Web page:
In the workplace: 4 ways to integrate a human resources strategy into your business strategy
How to sum up the last two quarters of 2021 at work? I could pick one statistic: 11.5 million American workers quit their jobs in the second quarter. And polls show we’re just getting started: 48% of the workforce is currently looking for a new opportunity.
Indeed, “the great resignation”, a term coined in 2019 by Anthony Klotz of Texas A&M, is there. And it is very real. This Gallup dubbed ‘big dissatisfaction’ is rightly affecting the way executives prioritize their planning as the 2022 strategic season approaches.
In fact, our team observes that “human resources strategy” is emerging as the # 1 item on the executive planning retreat agendas across industry and geography.
It was just 12 months after industry alarmists warned, “No one leaves a ship during a hurricane. Phrases like this implored leaders to proactively strengthen retention and engagement strategies for the inevitable exodus we would see in 2021, when pre-post-pandemic floodwaters were expected to recede. These projections were unfortunately correct.
Perhaps more than ever, it is quite evident that people are what make the distance between the strategy and the results it produces.
Interestingly, 67% of all strategies fail (most in March). So what is wrong? And how can we better plan?
First, let’s consider that the most basic strategies answer these three questions: what do I want? Why do I want it? And how will I get it, given the data and information I have?
While it is common for strategies to include predictive metrics in the market, financial data, consumer psychography, and competitors, it is rare to find predictive data in a strategy that includes information about humans that will do the trick. work.
Yet ironically, when executives speculate anecdotally about why their strategy is failing, we hear these attributable woes: poor communication of strategy or goals on the part of managers; failure to answer “What’s in it for me?” »For team members; lack of buy-in; confusion over how to determine who is in the right roles; and friction within the leadership team itself that breaks alignment before the plan can even get started.
Despite 2020, the strategy derailleurs are generally not external. Most often, they come from inside the house. The above driving failures are not operational issues, marketing issues, or financial issues, they are people issues. People operationalize; people change market objectives; people manage finances. And people don’t do anything if they feel invisible, inaudible, and under-engaged except leave.
Alternatively, when leaders put people at the center of their strategy from the start, the chances of success multiply! Especially if there are external forces at play.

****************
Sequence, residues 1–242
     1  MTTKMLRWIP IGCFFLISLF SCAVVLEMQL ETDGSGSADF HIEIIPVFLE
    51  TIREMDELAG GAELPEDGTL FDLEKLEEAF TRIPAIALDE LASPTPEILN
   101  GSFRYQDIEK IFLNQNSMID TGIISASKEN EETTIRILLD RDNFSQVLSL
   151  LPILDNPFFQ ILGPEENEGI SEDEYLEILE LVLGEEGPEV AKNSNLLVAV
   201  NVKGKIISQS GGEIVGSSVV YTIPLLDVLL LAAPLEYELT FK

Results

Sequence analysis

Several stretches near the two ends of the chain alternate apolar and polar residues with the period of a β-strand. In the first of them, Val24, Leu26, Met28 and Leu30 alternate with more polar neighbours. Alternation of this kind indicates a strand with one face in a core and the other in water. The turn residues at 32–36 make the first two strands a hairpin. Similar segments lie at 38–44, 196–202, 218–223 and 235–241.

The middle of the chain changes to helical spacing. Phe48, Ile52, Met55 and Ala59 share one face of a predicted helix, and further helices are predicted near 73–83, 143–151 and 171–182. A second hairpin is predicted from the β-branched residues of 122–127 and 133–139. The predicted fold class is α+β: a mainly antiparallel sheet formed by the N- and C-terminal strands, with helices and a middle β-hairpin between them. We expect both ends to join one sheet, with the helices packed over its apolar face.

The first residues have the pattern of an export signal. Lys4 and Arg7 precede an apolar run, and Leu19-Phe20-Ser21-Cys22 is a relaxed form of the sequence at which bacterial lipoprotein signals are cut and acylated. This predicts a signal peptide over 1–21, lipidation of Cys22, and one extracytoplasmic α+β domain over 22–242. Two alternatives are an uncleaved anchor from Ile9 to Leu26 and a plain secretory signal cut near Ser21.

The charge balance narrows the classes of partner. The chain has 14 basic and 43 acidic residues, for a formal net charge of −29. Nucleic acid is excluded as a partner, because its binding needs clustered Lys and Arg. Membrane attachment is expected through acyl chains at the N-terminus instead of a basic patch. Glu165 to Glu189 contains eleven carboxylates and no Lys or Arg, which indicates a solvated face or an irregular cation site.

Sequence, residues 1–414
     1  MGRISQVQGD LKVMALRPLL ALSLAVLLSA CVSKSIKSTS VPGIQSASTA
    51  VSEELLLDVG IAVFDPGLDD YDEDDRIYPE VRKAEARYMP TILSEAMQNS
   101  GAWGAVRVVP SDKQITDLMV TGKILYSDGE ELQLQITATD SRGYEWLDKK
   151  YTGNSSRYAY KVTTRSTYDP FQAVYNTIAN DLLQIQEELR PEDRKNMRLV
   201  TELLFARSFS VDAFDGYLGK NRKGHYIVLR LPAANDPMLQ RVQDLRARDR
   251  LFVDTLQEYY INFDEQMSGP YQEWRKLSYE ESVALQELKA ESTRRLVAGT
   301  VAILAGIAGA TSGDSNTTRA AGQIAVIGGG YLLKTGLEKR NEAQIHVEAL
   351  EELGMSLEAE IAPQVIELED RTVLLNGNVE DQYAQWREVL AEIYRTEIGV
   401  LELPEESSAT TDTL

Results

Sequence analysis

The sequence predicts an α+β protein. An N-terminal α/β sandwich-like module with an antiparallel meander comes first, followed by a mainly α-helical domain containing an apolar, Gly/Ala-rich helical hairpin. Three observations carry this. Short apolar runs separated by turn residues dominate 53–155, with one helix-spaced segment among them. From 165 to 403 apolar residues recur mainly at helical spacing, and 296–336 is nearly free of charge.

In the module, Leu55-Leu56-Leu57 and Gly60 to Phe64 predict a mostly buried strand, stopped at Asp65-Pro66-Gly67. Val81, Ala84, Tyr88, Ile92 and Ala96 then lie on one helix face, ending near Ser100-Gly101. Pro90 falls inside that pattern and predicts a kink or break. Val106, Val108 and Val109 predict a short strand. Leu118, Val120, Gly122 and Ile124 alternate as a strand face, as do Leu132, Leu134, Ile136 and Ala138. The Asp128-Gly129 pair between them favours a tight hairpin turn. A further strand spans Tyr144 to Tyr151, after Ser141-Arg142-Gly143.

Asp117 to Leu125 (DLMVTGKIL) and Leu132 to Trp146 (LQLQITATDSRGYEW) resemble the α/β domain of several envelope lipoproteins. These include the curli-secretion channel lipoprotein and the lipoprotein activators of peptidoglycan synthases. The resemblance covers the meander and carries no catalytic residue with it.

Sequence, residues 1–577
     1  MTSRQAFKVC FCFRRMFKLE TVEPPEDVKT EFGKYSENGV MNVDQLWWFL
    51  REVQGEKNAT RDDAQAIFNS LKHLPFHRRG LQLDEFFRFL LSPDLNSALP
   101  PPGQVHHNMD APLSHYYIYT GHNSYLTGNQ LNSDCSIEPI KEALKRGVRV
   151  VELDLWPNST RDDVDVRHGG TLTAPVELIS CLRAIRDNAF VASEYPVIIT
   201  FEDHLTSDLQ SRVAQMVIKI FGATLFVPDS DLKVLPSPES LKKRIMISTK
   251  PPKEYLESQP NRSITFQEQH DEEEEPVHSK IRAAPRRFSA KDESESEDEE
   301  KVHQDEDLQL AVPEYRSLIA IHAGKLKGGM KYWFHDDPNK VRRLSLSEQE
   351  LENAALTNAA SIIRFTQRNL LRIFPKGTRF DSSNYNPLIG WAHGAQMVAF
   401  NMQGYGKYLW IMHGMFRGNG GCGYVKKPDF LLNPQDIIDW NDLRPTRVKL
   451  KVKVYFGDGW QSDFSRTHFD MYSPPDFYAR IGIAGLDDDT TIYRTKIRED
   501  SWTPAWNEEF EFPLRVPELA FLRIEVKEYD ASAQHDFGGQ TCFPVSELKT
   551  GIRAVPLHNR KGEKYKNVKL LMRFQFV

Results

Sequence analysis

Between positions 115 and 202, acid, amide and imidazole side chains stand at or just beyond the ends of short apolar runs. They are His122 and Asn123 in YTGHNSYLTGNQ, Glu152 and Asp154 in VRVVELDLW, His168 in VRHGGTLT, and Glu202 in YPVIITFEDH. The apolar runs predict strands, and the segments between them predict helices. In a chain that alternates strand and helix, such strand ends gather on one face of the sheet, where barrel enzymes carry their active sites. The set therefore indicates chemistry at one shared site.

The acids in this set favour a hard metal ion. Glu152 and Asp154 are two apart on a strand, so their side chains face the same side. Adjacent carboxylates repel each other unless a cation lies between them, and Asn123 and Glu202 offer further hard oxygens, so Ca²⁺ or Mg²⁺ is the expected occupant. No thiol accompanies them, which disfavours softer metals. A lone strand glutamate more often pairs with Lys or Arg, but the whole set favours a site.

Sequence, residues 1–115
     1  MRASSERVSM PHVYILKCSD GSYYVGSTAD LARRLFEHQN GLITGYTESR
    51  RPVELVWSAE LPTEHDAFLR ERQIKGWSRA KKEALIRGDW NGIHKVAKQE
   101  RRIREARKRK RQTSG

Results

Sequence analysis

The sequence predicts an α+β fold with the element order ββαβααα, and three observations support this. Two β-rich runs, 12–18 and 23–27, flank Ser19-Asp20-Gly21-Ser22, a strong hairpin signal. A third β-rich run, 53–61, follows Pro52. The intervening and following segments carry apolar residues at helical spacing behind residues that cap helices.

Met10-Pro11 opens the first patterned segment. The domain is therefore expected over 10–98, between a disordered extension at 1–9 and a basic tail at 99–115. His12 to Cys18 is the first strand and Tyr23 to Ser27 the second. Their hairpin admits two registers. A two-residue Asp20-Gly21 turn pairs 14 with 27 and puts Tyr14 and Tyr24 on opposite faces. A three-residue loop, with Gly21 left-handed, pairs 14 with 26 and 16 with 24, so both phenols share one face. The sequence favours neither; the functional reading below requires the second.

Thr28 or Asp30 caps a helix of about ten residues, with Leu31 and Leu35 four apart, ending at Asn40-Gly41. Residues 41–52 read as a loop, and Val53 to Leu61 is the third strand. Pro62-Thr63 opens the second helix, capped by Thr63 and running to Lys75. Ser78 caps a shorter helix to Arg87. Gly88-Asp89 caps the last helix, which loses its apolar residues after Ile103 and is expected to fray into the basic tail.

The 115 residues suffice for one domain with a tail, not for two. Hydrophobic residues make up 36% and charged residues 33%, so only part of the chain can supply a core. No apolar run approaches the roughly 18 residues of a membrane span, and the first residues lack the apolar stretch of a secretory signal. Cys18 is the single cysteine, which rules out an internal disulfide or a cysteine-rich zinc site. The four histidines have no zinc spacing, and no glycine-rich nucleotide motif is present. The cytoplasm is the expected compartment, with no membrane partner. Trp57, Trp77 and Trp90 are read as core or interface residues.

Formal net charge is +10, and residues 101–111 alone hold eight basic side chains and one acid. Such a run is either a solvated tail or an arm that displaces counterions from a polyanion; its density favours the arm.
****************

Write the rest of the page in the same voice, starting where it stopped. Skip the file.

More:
So, to tackle the most common people issues that derail your good strategy, consider these four improvements:
1. Build mutual understanding and trust at the leadership level first and foremost. Ironically, the soft skills required to enrich high-engagement work cultures are the most difficult to develop. Use a team assessment and workshop (for example, five dysfunctions of a team) to reduce emotions, create understanding, and anticipate how other leaders will present themselves at the strategy table. Invest in developing the skills of leaders related to their relationship with others, skills such as empathy, change management, conflict resolution, stress tolerance and impulse control.
These are not soft skills, these are leadership skills. Reducing friction and frustration among leaders promotes progress and adaptability.
2. Collect predictive data about people to see if the “how” will work. Scientifically valid instruments like the Predictor Index can provide increased visibility into whether a person is likely to perform well in a particular job, play nicely with a particular person, and embrace a particular goal.
This type of data will speed up your progress, saving you valuable time and money otherwise wasted on “guessing”.
3. Review player positions. Data on people linked to employment also allows managers to objectively play on the strengths of individuals. Forcing an experimental, risky growth strategy on a human who is wired to be methodical, stabilizing, and process-oriented won’t work for long. Think: convert Carson Wentz to a wide receiver.
Much like the Colts, you will need more than your intuition to see who is aligned with what elements of your new strategy and to position yourself accordingly.
4. Improve your communication through more meaningful interaction. While most leaders believe they have communicated key goals, only an average of 2% of team members report being able to recite the top three. Avoid a one-time information dump by training managers to incorporate organizational goals into each face-to-face.
Everything is changing. You are also at a crossroads. And right around the corner, it’s strategy season. Take this rare opportunity to press pause, zoom out, and draw a clear map for your organization. Start at the intersection of people and strategy. •
Haskett is a leadership consultant at Advisa, a Carmel-based leadership consultancy.